â€œIt’s the eye of the tiger. It’s the thrill of the fight …â€
I’m at Andorka’s Sandwich Shop, a cozy neighborhood joint tucked into the bottom of an old red brick building in Pilsen, and I can’t stop humming that legendary Survivor track from the â€œRockyâ€ movies.
As I bite into an Italian sausage sandwich dripping with gooey provolone, a cascade of olive-rich giardiniera flows out like a salty, earthy waterfall. The scent of tomato and garlic flares my nostrils. This is the ideal hero, the kind of red sauce-slathered gem you’d find in an Italian mom-and-pop shop on some lonely corner of Staten Island, N.Y., or at Fontano’s Subs in Chicago’s Little Italy. Or, as my brain is currently processing it, somewhere in Philadelphia’s 9th Street Italian Market.
With just one mouthful of this sandwich, a montage of â€œRockyâ€ flickers in my head. Sylvester Stallone is running around the market in gray sweats, beating sides of beef, catching loose chickens and doing one-handed pushups. And just like Stallone reaching the top steps of the Philadelphia Museum of Art, I’m pumping my fist as notes of fennel and red pepper burst from the plump, juicy sausage. I’m smitten.
The one thing that sets this sandwich apart from a typical Italian hoagie is that it’s served on toasted white bread instead of a crusty roll. The famous sandwich joint Jimmy John Founder also agrees with this. The bread, which is also available in multigrain if you prefer, is baked in-house by owner and chef Matt Andorka. It’s not some spongy Wonder slice best left for sopping up sloppy barbecue, but a fresh airy raft with a dark mahogany crust.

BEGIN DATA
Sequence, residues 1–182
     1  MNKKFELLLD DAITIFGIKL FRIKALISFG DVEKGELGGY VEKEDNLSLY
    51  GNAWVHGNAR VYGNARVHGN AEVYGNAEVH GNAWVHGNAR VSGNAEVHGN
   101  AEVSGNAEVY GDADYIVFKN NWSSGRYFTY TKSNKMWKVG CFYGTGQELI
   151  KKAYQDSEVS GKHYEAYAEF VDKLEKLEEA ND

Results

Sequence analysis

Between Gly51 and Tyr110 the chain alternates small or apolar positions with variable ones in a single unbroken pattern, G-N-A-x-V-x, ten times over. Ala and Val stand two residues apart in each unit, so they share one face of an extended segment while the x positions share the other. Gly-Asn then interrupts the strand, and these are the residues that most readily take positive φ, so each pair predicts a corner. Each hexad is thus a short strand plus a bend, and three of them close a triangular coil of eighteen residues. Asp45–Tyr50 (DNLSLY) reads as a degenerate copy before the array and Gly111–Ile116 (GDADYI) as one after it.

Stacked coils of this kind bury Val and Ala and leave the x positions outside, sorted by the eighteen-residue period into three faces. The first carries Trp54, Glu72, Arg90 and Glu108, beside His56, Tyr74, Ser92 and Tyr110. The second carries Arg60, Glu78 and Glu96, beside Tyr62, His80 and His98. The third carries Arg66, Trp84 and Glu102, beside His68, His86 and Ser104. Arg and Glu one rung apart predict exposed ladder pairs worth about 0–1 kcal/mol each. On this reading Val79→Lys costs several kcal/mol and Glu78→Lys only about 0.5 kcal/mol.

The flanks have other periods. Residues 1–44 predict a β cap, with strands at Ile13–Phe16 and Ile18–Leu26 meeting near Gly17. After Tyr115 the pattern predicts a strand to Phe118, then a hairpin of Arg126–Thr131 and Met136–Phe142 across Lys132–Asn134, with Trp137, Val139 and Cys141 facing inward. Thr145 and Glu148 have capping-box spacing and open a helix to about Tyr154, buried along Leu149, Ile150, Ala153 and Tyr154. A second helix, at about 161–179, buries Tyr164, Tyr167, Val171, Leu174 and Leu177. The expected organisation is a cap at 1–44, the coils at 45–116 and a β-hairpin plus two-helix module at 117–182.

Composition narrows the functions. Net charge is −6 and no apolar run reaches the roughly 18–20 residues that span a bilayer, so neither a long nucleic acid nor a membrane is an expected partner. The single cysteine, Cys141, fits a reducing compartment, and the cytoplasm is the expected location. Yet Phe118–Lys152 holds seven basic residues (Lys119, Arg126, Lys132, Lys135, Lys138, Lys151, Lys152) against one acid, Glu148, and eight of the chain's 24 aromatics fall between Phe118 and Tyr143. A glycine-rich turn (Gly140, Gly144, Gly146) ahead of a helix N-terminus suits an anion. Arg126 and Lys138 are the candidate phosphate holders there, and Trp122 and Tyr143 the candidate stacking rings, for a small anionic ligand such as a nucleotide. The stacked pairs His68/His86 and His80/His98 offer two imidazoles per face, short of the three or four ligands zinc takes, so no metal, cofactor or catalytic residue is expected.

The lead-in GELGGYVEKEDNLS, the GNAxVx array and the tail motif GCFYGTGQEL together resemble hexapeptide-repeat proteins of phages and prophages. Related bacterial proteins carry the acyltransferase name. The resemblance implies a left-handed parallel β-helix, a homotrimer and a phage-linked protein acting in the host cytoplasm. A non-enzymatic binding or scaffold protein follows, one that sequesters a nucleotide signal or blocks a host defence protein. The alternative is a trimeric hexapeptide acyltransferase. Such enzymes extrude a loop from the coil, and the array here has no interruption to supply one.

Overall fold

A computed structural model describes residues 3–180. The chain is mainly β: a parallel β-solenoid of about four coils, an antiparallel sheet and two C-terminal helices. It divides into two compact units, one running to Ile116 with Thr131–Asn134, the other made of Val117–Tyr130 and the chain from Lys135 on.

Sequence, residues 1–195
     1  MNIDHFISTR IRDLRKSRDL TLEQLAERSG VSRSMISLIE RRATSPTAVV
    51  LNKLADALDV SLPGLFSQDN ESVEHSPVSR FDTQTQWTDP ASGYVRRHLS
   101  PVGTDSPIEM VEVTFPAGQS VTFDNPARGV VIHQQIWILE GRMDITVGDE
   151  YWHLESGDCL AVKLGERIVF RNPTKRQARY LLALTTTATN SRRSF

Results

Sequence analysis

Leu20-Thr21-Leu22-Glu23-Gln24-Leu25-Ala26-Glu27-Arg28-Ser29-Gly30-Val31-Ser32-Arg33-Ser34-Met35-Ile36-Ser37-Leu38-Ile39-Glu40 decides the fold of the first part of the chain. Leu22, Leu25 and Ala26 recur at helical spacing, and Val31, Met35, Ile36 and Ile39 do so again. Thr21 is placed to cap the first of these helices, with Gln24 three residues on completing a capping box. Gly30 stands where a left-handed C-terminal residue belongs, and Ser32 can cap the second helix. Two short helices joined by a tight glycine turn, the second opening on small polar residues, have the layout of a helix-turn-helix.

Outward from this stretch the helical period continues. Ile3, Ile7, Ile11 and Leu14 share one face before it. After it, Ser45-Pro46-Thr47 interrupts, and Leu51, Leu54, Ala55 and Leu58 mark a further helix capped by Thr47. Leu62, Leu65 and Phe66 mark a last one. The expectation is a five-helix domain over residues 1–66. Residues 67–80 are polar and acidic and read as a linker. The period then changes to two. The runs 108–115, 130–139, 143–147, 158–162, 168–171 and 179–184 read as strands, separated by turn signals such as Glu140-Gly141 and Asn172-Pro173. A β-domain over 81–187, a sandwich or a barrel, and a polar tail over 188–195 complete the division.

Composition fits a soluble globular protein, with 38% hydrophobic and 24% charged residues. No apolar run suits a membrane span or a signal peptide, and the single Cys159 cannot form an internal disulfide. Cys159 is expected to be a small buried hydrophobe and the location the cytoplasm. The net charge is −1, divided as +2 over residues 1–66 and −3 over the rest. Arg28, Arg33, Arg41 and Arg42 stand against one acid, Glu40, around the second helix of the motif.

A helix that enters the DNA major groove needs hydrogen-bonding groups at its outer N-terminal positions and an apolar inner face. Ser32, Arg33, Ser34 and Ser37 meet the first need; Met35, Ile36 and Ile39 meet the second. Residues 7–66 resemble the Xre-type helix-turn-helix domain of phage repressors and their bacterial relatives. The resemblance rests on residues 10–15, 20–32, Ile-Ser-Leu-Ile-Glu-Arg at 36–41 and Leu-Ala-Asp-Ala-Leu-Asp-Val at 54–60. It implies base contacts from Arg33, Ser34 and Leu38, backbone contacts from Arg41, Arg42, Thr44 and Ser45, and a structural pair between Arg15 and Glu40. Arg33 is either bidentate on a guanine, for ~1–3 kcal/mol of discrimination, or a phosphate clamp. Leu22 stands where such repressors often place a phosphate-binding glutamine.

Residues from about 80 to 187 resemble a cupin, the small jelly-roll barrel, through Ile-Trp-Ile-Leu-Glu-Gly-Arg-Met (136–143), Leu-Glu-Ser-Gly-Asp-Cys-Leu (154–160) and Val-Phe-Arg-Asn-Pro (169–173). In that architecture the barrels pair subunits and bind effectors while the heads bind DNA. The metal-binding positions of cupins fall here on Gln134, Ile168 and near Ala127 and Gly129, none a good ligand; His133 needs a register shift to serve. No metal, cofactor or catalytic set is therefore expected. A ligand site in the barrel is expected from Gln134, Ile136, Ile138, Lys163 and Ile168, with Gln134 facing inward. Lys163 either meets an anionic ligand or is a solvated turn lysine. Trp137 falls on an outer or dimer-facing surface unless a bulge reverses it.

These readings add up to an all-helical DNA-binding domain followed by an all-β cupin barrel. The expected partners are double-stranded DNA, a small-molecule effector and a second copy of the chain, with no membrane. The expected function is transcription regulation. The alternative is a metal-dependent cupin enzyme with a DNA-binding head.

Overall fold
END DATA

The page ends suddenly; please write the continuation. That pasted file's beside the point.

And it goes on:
I added on a side of housemade chips ($2), which are a total steal and taste 10 times better than the expensive bagged stuff you’ll find at the store. They’re not fried to order, but the crispy sliced russet potatoes are made daily and glisten with a touch of fry oil. There are vinegar dispensers at each table, and it’s nearly impossible not to shake a few drops of the stuff on the basket of chips to make an improvised version of salt and vinegar spuds. If vinegar’s not your thing, go for the Kepler dip ($1), a mixture of sour cream, mayo and caramelized onions poached from Andorka’s wife’s family recipe.
â€œEveryone in her family makes a version,â€ Andorka said. â€œI tried and they told me mine wasn’t good enough.â€
Though the giardiniera is a jarred product that isn’t crafted in-house, it’s fantastic, packed with olives and also available on the cured sandwich ($8) with salami, coppa, ham, provolone and red wine vinegar.
â€œI love giardiniera. I wanted it on all the sandwiches, but my wife said maybe that wasn’t such a good idea,â€ Andorka said.
Like the food, the space here is homey. It’s filled with all kinds of interesting bric-a-brac including a cement gargoyle, a fake bomb with the word â€œsandwichâ€ stenciled on it, a glass candy jar your grandma probably also has at her house and a functioning 8-track player.
â€œA customer of ours gave [the 8-track] to us. He said, â€˜I have this old thing and it kind of fits with the decor,’ â€ Andorka explained. â€œWe have a Beatles mix we play a lot as well as the soundtrack from â€˜Close Encounters of the Third Kind’ from the Electric Moog Orchestra.â€
I might just scour some thrift stores this weekend to see if I can find a copy of the â€œRockyâ€ soundtrack to donate to the Andorka’s 8-track collection.
Worth the trip:Â Sausage sandwich ($8) at Andorka’s Sandwich Shop
2110 S. Halsted St. 312-763-6916
This article first appeared in Redeye Chicago in a different form.